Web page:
Style shatters substance in ‘The Neon Demon’

Willow Yang/Staff
"The Neon Demon" | Broad Green Pictures
Grade: B-

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“Beauty isn’t everything,” an unnamed fashion designer dramatically declares in “The Neon Demon.” “It’s the only thing.” Indeed, beauty reigns supreme in Nicolas Winding Refn’s latest psychological horror film.

The plot is simple: sixteen-year old Jesse (Elle Fanning) is an aspiring model and industry newcomer. Jesse’s youthful, ethereal features not only land her coveted jobs, but an elite status that other girls only dream of having. Jesse’s immediate success threatens a duo of experienced, artificially beautiful models (Bella Heathcoate and Abbey Lee) who then take matters into their own, elegant hands.

Sound familiar? “The Neon Demon”’s narrative isn’t really groundbreaking or creative (see: “Black Swan,” every villainess in a Disney movie) and neither are its violent, slasher-happy parts. The story alone could pass off as a campy horror flick. The supermodel drama, however, isn’t the selling point “The Neon Demon” – it’s the visuals.

“The Neon Demon” banks on Refn’s stylistic choices, which recall the surrealist works of David Lynch and Stanley Kubrick. Whether it’s Jesse’s charming pastel motel room or a women’s bathroom bathed in fluorescent sunset hues, Refn smartly restrains the color palette in each scene to go wild with everything else. (In any given moment, there are at most three distinct colors.) The epitome of this approach takes place in Jesse’s decadent and mesmerizing catwalk sequence, in which everything is cloaked in black, save for a glowing neon Triforce-looking symbol.

At certain times, the images are literally stunning. There’s a long club scene where flashing red strobe lights hit your eyes for an uncomfortably long time. In another, the stark, abrupt transition from a dimly lit room to an all-white backdrop of a photo shoot setting is a sensory overload. But whether it was Refn’s intention to burn our pupils, one thing’s clear: The eye candy in “The Neon Demon” is shiny, biting and addictive.

Cliff Martinez’s eerie, hypnotic score is also a treat. Martinez, who has worked with Refn before on “Drive” and “Only God Forgives,” builds tension on top of the film’s already uneasy images. The theme of “The Neon Demon,” which features ringing vibraphones, pulsing beats and UFO sound effects, sounds like the dance floor of an impossibly trendy club run by aliens. And it works really well. Martinez’s glimmering, otherworldly arrangements perfectly complement Refn’s vision about the surface-obsessed world of modeling.

Elle Fanning as Jesse, who transforms from a timid, small-town girl to the confident glitter-covered supermodel, is equal parts captivating and scary. But Jena Malone, who plays Ruby, Jesse’s kind yet off-putting makeup artist, stands out among the rest of the cast. There’s a whole lot that Refn throws at her character, but Malone pulls it off exceedingly, almost unsettlingly, well.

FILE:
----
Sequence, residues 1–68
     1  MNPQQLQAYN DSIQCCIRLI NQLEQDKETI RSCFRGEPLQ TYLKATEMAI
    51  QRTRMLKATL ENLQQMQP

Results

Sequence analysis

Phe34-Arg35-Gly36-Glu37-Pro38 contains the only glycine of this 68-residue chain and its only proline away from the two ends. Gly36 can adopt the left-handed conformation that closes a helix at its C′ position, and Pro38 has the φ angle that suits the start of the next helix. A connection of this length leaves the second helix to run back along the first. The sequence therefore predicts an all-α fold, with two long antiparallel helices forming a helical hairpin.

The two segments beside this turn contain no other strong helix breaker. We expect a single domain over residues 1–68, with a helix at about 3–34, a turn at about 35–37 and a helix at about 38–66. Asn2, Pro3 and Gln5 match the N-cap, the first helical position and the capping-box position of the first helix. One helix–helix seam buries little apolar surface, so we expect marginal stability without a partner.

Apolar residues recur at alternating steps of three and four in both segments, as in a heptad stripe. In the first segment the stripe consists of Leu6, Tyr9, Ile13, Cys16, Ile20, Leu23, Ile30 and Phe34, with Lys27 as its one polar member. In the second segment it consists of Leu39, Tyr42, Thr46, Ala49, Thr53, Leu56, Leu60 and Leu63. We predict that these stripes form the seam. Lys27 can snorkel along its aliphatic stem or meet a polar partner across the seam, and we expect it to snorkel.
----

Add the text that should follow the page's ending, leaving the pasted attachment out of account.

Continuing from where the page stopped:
Still, neither Martinez nor the cast could help the poor decisions made by Refn in the third act. As the movie spirals into Refn’s own odd, perverted fantasies, the slick suspense Refn carefully manicured in the first half of “The Neon Demon” is compromised.. The male gaze-yness turns into full-blown gawking and revelling. For instance, a gratuitous shower scene feels like an X-rated version of “Carrie.” And let’s just say, the audience might never see female morticians the quite same way again. The ridiculously misogynistic shots aren’t artsy; they’re distracting and have even elicited walk-outs at screenings all over the world, including at Cannes.

Refn has actually addressed his inclusion of such disturbing, excessively sexualized elements before in past interviews. He calls himself a pornographer, explicitly stating that he makes films about his fetishes. Refn also made clear that he’s more concerned with concepts rather than the plot and has deliberately moved away from narrative-driven films in favor of attention-demanding, sensory-pleasing (or unpleasing) postmodern cinema.  And as far as Refn’s concerned, he doesn’t care whether we understand it or not.

So, is style enough to be substance in “The Neon Demon?” Just barely.

And who knows, maybe there is a hunk of flesh underneath the surface of the obvious “beauty is dangerous” metaphor. There were plenty of times where things got considerably offensive, but admittedly, Refn made it hard to look away. Perhaps by presenting his taboo fantasies to the audience, Refn’s indulging us in our own sick nature. If this is true, then “The Neon Demon” is a lot more sinister in its cathartic release than gore-fest horror movies.

 

Contact Adrienne Lee at [email protected].